Sue-Jolie Rioux and Tim Boylan know the community is extremely interested in what happens to their home.
After all, with a more than 200-year history in Buffalo dating to 1815, the Federal-style Coit House on Virginia Street is the city's oldest existing house. And it has the tradition and lore that go along with that.
They're used to having visitors and tour groups come through occasionally. They enjoy hosting parties and gatherings. They're happy to engage with the public, even soliciting votes on color palettes.
But they didn't foresee the almost-instantaneous reaction a few days ago when they tried out a feature on Zillow.com called "Make Me Move." They set what they thought was an unrealistic price of $800,000. That's more than twice what they had paid less than three years ago.
They didn't intend to put the house up for sale.
"We just picked a number. It was arbitrary and obnoxious, and we didn't care," Rioux said. "We thought it would be very quiet and private."
Rioux noted that the real estate market is "just blowing up" and thought the addition of a historic marker at the house in 2016 had probably added some value. So, on a whim while lying in bed at 11:30 at night, they decided to test their theory.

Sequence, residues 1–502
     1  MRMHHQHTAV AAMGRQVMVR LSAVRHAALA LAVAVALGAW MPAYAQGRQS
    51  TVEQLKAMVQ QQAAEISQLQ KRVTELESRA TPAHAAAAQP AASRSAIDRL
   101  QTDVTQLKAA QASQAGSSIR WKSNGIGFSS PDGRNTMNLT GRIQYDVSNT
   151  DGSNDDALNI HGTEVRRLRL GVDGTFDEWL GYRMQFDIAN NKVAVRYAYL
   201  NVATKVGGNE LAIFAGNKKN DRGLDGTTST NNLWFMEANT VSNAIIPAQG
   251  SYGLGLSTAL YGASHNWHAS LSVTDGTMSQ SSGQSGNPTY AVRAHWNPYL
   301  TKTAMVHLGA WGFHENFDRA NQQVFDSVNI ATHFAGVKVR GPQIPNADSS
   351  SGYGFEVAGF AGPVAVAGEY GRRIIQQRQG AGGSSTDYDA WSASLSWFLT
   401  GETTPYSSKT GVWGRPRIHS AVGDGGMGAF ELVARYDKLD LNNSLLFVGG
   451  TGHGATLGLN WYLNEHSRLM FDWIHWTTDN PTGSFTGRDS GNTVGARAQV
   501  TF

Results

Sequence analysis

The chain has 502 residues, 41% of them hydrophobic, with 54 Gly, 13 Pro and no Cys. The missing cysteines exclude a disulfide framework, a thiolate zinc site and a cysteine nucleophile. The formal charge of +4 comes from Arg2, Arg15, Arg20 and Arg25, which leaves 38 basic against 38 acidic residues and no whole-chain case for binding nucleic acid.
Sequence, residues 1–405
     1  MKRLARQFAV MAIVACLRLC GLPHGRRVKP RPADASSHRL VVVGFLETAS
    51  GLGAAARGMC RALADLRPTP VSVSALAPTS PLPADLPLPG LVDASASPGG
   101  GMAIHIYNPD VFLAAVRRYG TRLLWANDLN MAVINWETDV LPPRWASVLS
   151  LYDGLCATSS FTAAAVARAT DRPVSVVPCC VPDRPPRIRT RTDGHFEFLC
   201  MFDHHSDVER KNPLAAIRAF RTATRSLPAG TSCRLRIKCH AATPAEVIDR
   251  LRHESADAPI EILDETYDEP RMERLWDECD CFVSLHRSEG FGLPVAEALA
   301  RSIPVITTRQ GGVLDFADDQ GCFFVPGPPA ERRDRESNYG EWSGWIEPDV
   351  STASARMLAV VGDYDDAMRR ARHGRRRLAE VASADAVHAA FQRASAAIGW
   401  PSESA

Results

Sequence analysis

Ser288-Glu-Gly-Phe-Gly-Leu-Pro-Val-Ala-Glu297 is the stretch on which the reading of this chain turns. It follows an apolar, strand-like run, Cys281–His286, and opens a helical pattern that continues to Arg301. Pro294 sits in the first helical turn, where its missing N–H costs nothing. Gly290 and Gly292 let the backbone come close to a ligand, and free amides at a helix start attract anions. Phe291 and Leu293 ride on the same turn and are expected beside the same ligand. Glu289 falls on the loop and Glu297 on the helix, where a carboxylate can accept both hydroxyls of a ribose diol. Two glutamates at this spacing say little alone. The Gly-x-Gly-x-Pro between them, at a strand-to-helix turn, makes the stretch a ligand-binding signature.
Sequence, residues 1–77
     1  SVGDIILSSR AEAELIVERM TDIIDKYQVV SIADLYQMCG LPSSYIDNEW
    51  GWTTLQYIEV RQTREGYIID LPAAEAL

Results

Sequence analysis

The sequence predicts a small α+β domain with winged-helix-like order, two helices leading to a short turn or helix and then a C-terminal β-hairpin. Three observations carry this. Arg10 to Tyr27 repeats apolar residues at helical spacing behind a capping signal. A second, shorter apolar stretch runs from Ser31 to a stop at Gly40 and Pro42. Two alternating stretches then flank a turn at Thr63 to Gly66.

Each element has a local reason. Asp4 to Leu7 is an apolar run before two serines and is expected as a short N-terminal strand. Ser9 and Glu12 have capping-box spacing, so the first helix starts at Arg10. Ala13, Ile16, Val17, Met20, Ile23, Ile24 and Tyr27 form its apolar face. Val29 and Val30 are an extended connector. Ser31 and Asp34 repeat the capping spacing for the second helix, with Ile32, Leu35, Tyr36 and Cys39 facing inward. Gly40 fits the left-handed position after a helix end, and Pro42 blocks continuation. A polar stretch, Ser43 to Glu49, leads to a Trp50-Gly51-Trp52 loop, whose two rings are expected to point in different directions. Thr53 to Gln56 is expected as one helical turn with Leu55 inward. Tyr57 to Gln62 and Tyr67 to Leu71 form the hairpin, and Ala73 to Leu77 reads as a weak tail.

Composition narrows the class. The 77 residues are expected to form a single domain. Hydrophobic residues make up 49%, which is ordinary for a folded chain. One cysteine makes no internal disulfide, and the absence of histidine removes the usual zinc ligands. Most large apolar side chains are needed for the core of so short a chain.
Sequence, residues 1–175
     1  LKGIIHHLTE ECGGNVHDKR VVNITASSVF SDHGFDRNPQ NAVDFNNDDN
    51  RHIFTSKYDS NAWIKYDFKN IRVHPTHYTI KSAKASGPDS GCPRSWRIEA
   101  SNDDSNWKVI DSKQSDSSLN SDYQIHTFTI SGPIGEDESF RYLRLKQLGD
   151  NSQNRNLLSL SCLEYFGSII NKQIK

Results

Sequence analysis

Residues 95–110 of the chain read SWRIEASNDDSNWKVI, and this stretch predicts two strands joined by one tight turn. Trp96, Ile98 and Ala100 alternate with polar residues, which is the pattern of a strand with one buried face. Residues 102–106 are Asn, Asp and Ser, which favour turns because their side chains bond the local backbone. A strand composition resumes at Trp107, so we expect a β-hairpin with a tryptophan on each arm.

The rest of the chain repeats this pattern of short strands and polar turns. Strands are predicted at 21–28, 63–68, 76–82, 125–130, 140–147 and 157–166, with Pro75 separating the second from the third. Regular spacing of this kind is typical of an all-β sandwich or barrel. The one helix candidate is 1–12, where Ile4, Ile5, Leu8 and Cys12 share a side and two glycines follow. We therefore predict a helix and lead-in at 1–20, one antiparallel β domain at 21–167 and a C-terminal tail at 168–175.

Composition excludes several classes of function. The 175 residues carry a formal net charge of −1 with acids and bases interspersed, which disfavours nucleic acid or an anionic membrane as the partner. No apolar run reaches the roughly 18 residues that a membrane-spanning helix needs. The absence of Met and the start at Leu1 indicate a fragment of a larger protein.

"We were literally just curious to see what kind of response we would get," she explained. "We were just putting out feelers. Nothing more, nothing less."
Instead, they were bombarded with phone calls as the news spread quickly around town.
[Gallery: Inside the Coit House, Buffalo's oldest home]
Rioux said they hadn't realized that their action would be viewed by some as a "live" for-sale-by-owner listing. Zillow describes such postings as intended to "alert potential buyers that you are interested in selling without officially putting your home on the market."
They've since pulled the posting from Zillow and sister site Trulia. The home was never listed with a real estate agent on the multiple listing service.
"We love our house. We love taking care of her as best as we can. We love Buffalo, unbelievably," Boylan said. "We don't want to leave Buffalo. We don't have any plans to leave Buffalo. We don't have any plans to put the Coit House up for sale."